By this point I couldn’t physically put my son to my breast and my mum or husband had to latch him on while I pulled at my hair, kicked my feet and grimaced with tears rolling down my face. I didn’t understand why I found it so painful, everything I had read said it should be pain free if you were doing it right. Therefore I either wasn’t doing it right or I was a wimp.
I honestly thought I was a wimp and I just wasn’t designed to breastfeed normally. After 2 weeks my husband was ready to go out and buy bottles and formula as he couldn’t watch me be in so much pain. My mum was desperately searching the Internet and we resorted to trying breast shields. Many phonecalls later to all supermarkets in a 30 mile radius at 1am in the night resulted in having to wait for the shops to open the next day. I remember the feeling of utter hopelessness, My body was letting me down again. I hadn’t been able to give birth naturally and now my body was too much of a wimp to let me breastfeed.
The shields were a god send and even though every feed still hurt I didn’t cry every time and my poor nipples that were missing chunks had a chance to try and heal.
At 2 weeks I finally got to a breastfeeding support group and the lactation consultant saw my nipples and watched me latch on and again said the position and latch looked ok and asked if he was tongue tied. In my mind I assumed I would have been told if he was tongue tied or it would be really obvious so I said no! She said she could check after he had fed but then after seeing all these other mums feeding so easily I felt even more depressed so just left.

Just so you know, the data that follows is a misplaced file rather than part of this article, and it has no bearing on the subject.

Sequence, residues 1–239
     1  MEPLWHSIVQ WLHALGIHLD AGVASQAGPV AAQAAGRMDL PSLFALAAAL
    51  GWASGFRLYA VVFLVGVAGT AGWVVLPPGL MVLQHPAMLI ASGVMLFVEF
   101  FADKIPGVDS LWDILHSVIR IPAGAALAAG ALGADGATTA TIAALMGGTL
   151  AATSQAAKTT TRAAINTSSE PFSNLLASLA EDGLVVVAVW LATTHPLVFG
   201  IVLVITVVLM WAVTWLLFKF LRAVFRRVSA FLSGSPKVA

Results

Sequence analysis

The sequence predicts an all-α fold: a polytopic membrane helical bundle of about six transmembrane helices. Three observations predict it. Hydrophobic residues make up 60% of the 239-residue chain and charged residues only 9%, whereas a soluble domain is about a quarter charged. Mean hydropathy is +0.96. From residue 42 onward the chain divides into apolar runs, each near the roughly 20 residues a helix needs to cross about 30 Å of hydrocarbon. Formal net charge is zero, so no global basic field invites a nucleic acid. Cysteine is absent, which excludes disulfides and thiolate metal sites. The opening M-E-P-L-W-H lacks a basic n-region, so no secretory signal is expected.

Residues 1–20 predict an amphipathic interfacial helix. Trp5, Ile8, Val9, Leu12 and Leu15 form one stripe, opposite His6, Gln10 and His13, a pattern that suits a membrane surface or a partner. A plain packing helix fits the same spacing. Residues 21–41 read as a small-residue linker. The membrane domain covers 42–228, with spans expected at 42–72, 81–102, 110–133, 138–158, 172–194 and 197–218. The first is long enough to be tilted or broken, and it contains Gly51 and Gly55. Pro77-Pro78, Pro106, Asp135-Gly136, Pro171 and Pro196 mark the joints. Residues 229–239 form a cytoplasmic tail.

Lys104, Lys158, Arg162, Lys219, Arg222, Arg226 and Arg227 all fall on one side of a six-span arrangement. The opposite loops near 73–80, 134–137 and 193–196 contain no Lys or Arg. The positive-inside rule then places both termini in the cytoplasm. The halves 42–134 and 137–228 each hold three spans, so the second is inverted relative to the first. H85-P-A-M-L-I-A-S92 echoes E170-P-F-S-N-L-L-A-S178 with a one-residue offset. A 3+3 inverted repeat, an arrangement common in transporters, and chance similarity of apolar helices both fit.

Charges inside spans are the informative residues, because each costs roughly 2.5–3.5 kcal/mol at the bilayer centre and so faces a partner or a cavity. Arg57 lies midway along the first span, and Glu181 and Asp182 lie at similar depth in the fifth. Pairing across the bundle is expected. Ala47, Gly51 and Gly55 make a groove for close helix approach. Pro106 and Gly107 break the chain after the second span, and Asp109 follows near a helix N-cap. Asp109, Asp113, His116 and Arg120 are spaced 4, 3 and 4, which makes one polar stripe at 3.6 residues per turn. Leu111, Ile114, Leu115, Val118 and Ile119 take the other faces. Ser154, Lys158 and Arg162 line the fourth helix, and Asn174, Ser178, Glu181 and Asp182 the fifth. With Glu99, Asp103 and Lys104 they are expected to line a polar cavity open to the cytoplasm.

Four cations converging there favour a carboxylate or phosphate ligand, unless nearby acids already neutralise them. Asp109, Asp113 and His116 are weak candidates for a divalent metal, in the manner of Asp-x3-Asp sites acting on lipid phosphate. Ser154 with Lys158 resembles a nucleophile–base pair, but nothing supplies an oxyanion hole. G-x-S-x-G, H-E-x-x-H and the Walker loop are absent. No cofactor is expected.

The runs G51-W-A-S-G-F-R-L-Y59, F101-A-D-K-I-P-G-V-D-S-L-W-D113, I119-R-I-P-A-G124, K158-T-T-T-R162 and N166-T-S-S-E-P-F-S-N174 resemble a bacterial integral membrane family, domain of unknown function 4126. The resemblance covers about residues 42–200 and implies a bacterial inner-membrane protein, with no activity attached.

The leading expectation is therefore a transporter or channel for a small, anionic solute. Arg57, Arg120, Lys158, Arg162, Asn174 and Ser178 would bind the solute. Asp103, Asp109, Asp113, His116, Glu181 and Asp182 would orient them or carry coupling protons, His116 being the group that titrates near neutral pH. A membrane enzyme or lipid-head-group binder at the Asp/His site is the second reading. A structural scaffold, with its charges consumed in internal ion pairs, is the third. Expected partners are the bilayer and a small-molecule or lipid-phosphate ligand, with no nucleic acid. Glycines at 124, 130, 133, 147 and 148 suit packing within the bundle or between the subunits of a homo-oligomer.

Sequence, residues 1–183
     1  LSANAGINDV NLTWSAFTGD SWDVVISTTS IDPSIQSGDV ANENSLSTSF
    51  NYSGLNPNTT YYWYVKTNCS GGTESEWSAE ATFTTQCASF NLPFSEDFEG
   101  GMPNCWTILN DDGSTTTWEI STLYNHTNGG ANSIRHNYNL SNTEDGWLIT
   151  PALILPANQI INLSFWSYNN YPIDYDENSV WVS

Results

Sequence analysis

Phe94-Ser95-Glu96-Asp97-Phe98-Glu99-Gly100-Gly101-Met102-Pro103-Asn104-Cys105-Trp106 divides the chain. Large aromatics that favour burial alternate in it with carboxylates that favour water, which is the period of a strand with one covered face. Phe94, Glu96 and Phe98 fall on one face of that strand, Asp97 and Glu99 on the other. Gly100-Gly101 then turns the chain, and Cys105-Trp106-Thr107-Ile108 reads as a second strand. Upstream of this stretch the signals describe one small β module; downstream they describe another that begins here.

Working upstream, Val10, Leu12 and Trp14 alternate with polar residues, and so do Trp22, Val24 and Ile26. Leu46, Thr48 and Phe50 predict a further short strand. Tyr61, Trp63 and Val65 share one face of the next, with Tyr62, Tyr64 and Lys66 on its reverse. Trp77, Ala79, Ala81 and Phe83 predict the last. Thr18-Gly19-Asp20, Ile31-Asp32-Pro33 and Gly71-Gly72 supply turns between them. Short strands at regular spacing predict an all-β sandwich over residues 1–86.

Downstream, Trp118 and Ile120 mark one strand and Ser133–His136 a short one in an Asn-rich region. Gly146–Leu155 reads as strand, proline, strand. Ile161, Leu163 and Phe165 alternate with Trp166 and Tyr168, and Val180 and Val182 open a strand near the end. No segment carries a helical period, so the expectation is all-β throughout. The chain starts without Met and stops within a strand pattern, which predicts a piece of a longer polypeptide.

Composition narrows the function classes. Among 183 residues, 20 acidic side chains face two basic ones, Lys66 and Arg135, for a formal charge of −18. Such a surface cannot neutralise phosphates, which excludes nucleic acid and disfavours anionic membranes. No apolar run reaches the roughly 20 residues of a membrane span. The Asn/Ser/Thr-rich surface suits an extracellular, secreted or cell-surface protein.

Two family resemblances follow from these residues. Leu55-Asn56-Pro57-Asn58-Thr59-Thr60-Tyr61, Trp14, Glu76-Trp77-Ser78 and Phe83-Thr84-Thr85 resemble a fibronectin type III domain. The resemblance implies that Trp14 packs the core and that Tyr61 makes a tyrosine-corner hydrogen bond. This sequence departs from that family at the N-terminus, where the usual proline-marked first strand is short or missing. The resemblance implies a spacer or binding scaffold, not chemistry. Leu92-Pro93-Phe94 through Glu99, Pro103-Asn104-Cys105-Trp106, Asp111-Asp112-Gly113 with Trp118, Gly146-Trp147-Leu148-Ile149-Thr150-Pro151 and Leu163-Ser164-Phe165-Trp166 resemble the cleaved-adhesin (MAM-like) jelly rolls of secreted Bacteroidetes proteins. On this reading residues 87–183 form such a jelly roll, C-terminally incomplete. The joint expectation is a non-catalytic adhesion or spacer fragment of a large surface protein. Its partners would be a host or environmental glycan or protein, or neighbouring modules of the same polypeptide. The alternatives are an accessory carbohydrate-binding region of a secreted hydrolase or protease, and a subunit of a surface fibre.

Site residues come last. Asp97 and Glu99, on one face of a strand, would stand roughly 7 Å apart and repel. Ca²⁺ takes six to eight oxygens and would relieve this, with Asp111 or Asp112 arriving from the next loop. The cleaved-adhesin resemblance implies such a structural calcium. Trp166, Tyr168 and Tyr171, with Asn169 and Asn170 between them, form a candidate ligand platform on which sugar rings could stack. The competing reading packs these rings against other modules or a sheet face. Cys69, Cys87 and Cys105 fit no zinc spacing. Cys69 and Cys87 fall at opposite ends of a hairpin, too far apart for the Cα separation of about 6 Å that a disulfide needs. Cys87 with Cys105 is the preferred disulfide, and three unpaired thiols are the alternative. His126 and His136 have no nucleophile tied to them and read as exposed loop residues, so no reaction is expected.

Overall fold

I continued feeding and got treated for thrush, I was still in pain and now used the shields at every feed and was convinced I could never feed without them. I got insanely jealous seeing women feed ‘bareback’ And just felt cheated and useless. How would I ever be a good mother of I couldn’t even breastfeed properly.
Finally I went back to the support group when he was 10 weeks old and broke down in tears that it was still hurting and he was checked and found to have a posterior tongue tie. I was so relieved! It wasn’t my body letting me down!
We got referred and the tongue tie was cut a day short of him turning 3months. We still used the shields until he was 5 months old as by that stage he had got so used to them and to re learn how to breastfeed without them.
Im proud to say he is nearly 9 months and still breastfeeding bareback and I have no intention of stopping any time soon.
I am still dealing with those initial feelings of failure and my nipples are still recovering and probably never will completely but they serve as a reminder of our journey and I’m proud of myself and my body.